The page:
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I would like to use an if statement in a MySQL query to SELECT all of the information in a database where... if it returns true, or return the COUNT of the column named aid.


IF (COUNT(`AID`) > 0) {
  SELECT * FROM `a_votes` WHERE `aid` = '1'
} ELSE {
  RETURN 'No Rows'

Please could you tell me how I could do this?


I tried the following query, but I am receiving the error Operand should contain 1 column(s)


SELECT COUNT( aid ) AS  `count` 
FROM  `a_votes` 
WHERE  `aid` =1 ) =0,  'true', (

    SELECT * 
    FROM  `a_votes` 
    WHERE  `aid` =1

) AS message
share|improve this question
Where would you use the result? How would you know which branch executed? –  biziclop Jun 16 '12 at 18:53
I would know as the query would either return the count or it would return the relevant rows from the table a_votes –  max_ Jun 16 '12 at 18:53
Hmmm, if COUNT(AID) == 0 then there is no point in returning the second query. Isn't it better just to return zero rows? –  biziclop Jun 16 '12 at 18:55
Surely if it ever reaches the else statement, it'll return 0 - so why are you counting again at that point? –  Bridge Jun 16 '12 at 18:55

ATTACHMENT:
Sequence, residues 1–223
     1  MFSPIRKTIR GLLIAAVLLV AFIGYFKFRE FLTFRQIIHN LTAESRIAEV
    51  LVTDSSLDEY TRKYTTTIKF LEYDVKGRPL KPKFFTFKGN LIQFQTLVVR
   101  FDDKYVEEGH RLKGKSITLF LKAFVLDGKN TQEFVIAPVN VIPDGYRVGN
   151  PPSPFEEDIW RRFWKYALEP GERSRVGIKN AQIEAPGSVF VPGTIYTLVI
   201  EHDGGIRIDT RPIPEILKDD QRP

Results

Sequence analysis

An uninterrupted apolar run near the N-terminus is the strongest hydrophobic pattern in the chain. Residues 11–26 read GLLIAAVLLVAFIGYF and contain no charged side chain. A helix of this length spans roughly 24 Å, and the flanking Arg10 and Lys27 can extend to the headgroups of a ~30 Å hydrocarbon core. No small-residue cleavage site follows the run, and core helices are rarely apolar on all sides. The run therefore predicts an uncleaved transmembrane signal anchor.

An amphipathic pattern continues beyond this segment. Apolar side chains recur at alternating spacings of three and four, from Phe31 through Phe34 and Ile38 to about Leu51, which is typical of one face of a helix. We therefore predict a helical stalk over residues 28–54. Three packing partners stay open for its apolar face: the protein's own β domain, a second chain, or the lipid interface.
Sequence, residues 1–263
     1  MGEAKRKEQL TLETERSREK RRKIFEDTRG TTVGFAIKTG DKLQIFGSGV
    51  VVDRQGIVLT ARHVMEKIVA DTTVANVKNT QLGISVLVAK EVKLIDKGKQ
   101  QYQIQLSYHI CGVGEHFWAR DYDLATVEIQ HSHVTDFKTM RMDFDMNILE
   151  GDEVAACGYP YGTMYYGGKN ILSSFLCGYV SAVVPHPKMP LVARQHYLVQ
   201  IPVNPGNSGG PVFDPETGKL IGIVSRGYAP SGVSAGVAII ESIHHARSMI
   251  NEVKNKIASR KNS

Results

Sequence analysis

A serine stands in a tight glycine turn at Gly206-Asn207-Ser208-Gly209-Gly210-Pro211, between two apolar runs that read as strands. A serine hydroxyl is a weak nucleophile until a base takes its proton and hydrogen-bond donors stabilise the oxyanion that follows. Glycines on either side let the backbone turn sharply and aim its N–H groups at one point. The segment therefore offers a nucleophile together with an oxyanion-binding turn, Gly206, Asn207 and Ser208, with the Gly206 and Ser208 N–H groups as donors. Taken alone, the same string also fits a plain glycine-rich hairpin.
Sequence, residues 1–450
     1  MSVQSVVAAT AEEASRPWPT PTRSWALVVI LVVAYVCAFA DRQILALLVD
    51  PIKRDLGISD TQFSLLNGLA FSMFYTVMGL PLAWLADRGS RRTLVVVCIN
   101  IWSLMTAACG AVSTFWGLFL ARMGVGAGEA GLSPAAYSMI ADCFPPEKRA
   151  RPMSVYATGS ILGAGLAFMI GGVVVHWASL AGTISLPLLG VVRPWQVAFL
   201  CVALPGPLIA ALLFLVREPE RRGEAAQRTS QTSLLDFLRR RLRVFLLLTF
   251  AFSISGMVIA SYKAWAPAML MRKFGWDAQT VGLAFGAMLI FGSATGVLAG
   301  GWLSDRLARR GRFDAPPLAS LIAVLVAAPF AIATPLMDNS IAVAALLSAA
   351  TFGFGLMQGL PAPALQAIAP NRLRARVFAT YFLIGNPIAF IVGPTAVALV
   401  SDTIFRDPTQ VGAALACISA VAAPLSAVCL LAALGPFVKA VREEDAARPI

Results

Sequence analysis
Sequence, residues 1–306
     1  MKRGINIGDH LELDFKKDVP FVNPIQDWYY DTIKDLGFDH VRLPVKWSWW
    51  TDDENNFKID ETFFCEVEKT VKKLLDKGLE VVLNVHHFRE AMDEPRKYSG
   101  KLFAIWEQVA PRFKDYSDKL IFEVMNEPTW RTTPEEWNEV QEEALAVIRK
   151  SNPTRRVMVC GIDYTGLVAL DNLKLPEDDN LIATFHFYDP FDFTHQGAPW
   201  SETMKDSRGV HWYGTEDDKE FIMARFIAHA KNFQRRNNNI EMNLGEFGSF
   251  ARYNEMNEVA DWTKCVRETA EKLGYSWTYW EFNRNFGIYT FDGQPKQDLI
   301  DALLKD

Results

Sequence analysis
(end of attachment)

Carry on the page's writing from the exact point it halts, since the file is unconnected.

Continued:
That's correct, I will update the question. –  max_ Jun 16 '12 at 18:58

2 Answers 2

up vote 1 down vote accepted
    SELECT COUNT(*) as COUNT FROM a_votes WHERE aid = '1'
) x WHERE COUNT > 0;

If no rows match, a simple COUNT(*)) will returns a single row with 0 for the count. Wrapping the usual COUNT(*) query in an outer query that eliminates that condition will return no rows.


Thanks to @bisiclop, this is a better solution:

FROM a_votes
WHERE aid = '1'
share|improve this answer
Don't forget to rename COUNT to something else (not the function, but the given name), or wrap it into doublequotes. How your query will return SELECT * FROM a_votes when needed? Couldn't your query be rewritten as SELECT COUNT(*) FROM ... HAVING COUNT(*)>0 ? –  biziclop Jun 16 '12 at 19:12
@biziclop You're right: HAVING will do it! (I can't believe I didn't see that) –  Bohemian Jun 16 '12 at 23:58

If I wanted to transcribe your pseudocode to SQL, this would be the result, but I think it is unnecessarily complex, so it is just a demonstration:

/* this query might return zero rows, so beware */
  (SELECT COUNT(`aid`) > 0 FROM `a_votes`) AS the_count,
  (SELECT * FROM `a_votes` WHERE `aid` = '1') AS the_row

The same using LEFT JOIN, it must return at least one row:

/* count will create exactly 1 row */
FROM      (SELECT COUNT(`aid`) > 0 FROM `a_votes`)    AS the_count
/* this is allowed to return 0,1,...N rows */
LEFT JOIN (SELECT * FROM `a_votes` WHERE `aid` = '1') AS the_row
share|improve this answer
How to write this SQL query if I want to condition for GREATER THEN or LESS THEN? –  Hardik Jun 16 '12 at 19:05
I added ` > 0`, if you meant that. –  biziclop Jun 16 '12 at 19:09

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